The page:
Linking Iraq with 9/11
With war worries growing, the president evokes the attacks of 2001 in a speech he hopes will rally support
BY CRAIG GORDON
June 29, 2005
FORT BRAGG, N.C. -- In the past, when sagging polls have put President George W. Bush in trouble, he has invoked the event that shaped his presidency to confront critics and rally public support, the Sept. 11 attacks.
He did it again last night, wrapping the Iraq war in the mantle of 9/11 to reject calls for an exit timetable and appeal for patience from an increasingly skeptical public. Never forget "the lessons of September the 11th," Bush warned, or risk handing victory in Iraq to the likes of Osama bin Laden.
It was Bush's most direct and high-profile link between Iraq and Sept. 11 since winning re-election - and as usual, he failed to mention that the Sept. 11 commission found no credible evidence linking the former Iraqi government of Saddam Hussein and the 2001 terror attacks.
Instead, he invoked 9/11 to crystallize public support for what has become an open-ended conflict, much the way he asked the nation in the days after Sept. 11, 2001, to brace for a war-on-terror both global and generational in scope.
"Is the sacrifice worth it?" he asked an audience of 750 troops at an Army base here. "It is worth it and it is vital to the security of our country."
Bush also sought to confront growing calls for a timetable for withdrawal but said it would be a "serious mistake."
"I recognize that Americans want our troops to come home as quickly as possible. So do I," said Bush, who also rejected calls for adding more U.S. troops. He said a deadline for a troop pullout "would send the wrong message to the enemy, who would know that all they have to do is wait us out."
The speech broke no new ground on how Bush envisions a U.S. departure from Iraq. Instead, he tried to better explain his long-held strategy of ultimately turning over responsibilities to Iraqi security forces and politicians - and insisted both are making far greater progress than is apparent from the images of violence on the nightly news.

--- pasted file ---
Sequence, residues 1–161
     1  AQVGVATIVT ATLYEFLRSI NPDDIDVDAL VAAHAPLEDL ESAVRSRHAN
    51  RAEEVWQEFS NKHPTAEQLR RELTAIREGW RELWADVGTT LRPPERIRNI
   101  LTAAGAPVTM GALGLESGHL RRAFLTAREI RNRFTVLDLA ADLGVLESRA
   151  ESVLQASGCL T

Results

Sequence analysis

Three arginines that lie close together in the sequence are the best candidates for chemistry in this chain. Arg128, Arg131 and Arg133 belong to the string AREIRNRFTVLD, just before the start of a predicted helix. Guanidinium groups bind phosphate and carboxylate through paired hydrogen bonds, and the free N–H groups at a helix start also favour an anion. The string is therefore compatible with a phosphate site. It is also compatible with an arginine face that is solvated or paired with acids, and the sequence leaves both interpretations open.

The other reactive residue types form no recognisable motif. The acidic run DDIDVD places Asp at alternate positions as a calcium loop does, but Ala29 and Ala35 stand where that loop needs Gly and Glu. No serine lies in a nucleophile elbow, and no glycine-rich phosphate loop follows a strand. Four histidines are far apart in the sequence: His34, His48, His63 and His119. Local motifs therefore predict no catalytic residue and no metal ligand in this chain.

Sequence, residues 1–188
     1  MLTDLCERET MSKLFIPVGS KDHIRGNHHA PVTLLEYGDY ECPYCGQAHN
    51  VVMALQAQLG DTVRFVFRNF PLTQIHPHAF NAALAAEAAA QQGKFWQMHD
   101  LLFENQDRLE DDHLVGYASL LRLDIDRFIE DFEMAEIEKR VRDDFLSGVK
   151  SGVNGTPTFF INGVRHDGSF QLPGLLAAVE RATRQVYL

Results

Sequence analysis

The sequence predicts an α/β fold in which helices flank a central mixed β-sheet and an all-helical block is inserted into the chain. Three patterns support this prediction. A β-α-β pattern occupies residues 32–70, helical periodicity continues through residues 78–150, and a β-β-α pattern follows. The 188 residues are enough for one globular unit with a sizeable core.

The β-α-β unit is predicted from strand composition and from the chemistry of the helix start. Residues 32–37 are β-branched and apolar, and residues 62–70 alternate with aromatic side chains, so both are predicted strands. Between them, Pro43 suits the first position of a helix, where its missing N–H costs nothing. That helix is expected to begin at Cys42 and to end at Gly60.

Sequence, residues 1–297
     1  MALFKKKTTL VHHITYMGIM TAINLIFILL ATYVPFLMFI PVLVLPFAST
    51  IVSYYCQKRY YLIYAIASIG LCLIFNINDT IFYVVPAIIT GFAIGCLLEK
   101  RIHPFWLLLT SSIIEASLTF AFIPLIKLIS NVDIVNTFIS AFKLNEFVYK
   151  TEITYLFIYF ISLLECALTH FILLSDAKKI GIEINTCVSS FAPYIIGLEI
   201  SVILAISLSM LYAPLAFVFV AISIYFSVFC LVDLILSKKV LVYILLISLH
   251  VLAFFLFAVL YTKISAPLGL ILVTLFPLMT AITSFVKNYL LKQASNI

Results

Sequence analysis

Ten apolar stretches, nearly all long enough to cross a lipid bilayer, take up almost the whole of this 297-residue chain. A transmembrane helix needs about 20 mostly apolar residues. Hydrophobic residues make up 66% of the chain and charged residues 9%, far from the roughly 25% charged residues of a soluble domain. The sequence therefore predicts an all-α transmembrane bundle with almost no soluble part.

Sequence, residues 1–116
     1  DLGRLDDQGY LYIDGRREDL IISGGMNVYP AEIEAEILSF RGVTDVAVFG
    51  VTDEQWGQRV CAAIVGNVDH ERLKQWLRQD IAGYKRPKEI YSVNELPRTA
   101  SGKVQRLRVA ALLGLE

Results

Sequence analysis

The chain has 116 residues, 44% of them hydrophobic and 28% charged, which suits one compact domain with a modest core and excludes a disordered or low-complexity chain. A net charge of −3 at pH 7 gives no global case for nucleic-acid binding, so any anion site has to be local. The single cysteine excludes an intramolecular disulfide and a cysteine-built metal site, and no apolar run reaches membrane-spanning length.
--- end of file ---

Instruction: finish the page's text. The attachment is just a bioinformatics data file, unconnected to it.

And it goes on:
And in some ways, Bush was asking Americans to look past those images and a death toll rising past 1,740 Americans and to recall instead the images of that September 2001 morning.
He wore a symbol of his support for the troops that he received before his speech. The widow of a fallen soldier, Crystal Owen, gave him a bracelet with the names of her husband and another soldier killed with him on Oct. 15, 2004.
Bush administration critics have long faulted the president for trying to conflate the Iraq war with the Sept. 11 attacks as a way to drum up public support with flag-draped appeals to patriotism, especially in the face of slipping poll numbers during the presidential campaign last year.
Bush at that time said he never tried to blame Hussein for the attacks even as he continued to talk up Baghdad's links with al-Qaida - an argument that took root with sizable numbers of American voters who believed Hussein had a role in 9/11.
And just last week, 9/11 made another appearance, when Bush's top political adviser, Karl Rove, accused liberals of a weak response to the Sept. 11 attacks, prompting Democratic cries that he was politicizing the tragedy.
Bush was careful last night not to draw a direct link, but mentioning bin Laden in a speech so heavily focused on Iraq, in such a high-profile and high-stakes setting, signaled his desire to link the events in the minds of viewers. His aides insisted they were not revisiting the debate over Iraq and 9/11 but merely talking about bin Laden followers in Iraq today, with Bush himself quoting bin Laden as calling the Iraq conflict the "Third World War."
Yet the strategy Bush outlined last night is in many respects the very one that has drawn so much skepticism from the public. Even some in his own party are growing impatient, sharply challenging Defense Secretary Donald Rumsfeld over Iraq last week.
Independent pollster John Zogby said the speech didn't give viewers hungry for news on how the president hopes to get out of Iraq much new to consider. "I think the president was giving them same old, same old," Zogby said.
But Rep. Peter King (R-Seaford) defended Bush's use of the attacks, saying the war in Iraq is important both for stabilizing the Middle East and for defeating the Islamic militants who attacked that day.
"We would not have invaded Iraq without 9/11," King said after the speech. "I think it's important for the president to remind people of 9/11 especially for people further away from New York and further away from the Pentagon. Americans do tend to put 9/11 in the backs of their minds."
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